Through flour, sugar, butter and eggs, you’ve created the best recipe ever – friendship!
Janet @ LaDue & Crew

Yes, still summer here, with the rains that came and went, leaving us in a puddle of hot and humid misery. Not the perfect weather for macs, but then again, it was the finding my feet time of the month. Needless to say, they proved elusive again. The theme Jamie and I picked at MacTweets was ‘SING, SING A SONG‘, asking you to cook up something special, something toe-tapping, sing-along good! Sing I did, and the numbers being belted out in my mind were wide ranging. Primary of course the theme song from Friends, I’ll Be There For Youwhich I was going to dedicate my macs to… had they found feet.

It’s like you’re always stuck in second gear
When it hasn’t been your day, your week, your month, or even your year
But … I’ll be there for you (when the rain starts to pour)
I’ll be there for you (like I’ve been there before)
I’ll be there for you (because you’re there for me too)

To Bina who mailed me egg white powder from the States, to Ednah {Janet} who posted the cutest friends card for me, Johnny Depp and all, {a joke we share on twitter at the laundry club}, to Jamie who is the spirit behind my macs, to Ken who inspired the yellow, to Mardi my partner in humid conditions failed macs, to Barbara who’s become a mac-pro …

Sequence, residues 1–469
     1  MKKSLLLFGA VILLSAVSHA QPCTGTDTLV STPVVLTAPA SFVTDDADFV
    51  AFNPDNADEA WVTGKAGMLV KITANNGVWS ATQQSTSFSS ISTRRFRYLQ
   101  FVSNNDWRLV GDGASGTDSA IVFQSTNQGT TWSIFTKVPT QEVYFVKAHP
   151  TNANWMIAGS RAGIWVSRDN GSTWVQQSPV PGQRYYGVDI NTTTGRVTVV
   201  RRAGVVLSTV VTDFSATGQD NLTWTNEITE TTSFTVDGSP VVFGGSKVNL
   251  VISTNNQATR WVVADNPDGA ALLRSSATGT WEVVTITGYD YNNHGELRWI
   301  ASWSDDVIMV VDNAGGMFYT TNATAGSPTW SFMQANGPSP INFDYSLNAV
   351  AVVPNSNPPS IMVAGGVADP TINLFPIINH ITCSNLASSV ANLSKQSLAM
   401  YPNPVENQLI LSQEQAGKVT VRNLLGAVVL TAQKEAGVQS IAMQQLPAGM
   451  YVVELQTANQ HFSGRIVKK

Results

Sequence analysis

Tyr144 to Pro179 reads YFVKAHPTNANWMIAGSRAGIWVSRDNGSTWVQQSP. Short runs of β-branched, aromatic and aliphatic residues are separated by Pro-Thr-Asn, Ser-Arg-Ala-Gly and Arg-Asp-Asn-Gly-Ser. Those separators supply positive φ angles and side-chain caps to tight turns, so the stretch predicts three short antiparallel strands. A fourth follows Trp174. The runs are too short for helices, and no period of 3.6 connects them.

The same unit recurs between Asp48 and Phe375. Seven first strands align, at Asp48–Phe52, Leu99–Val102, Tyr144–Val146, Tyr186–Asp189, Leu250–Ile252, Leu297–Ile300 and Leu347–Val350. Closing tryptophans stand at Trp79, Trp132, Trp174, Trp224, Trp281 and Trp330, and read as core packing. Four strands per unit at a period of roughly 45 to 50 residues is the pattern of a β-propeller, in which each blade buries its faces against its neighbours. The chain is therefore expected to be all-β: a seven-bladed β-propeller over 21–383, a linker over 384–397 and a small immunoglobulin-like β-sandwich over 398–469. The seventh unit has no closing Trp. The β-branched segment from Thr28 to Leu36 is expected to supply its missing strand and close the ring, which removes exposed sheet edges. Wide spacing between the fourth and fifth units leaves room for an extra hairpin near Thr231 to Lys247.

… and to all the gang at MacTweets for the inspired ‘feet‘ month after month! Thanks for joining Jamie and me at the ‘attack‘!

Songs have always been part of my life. The medley that the juke box plays in my head these days includes Waka Waka, Don’t Cry For Me Argentina, Wind Beneath My Wings, Walk of Life, Hey Soul Sister, The Day I Died, Fast Cars, Hey There Delilah. Then Jamie mentioned Cat Stevens and Leonard Cohen; she had me nodding. Add to that Dire Straits, Eagles, Van Morrison, Beegees, Barbara Streisand, Eric Clapton … the list is endless, like failed feet sagas! So well, in my little world, I had many ugly feetless macarons, and one kind of respectable ‘foot’, but they were all delicious. So here, like Cinderellas glass slipper, is my vanilla macaron with a white chocolate ganache cushioned on this Mango Vanilla Bavarian Cream Cake that I made for my Dad’s birthday. The idea was to have a whole bunch of them adorning the cake. Que sera sera, whatever will be, will be …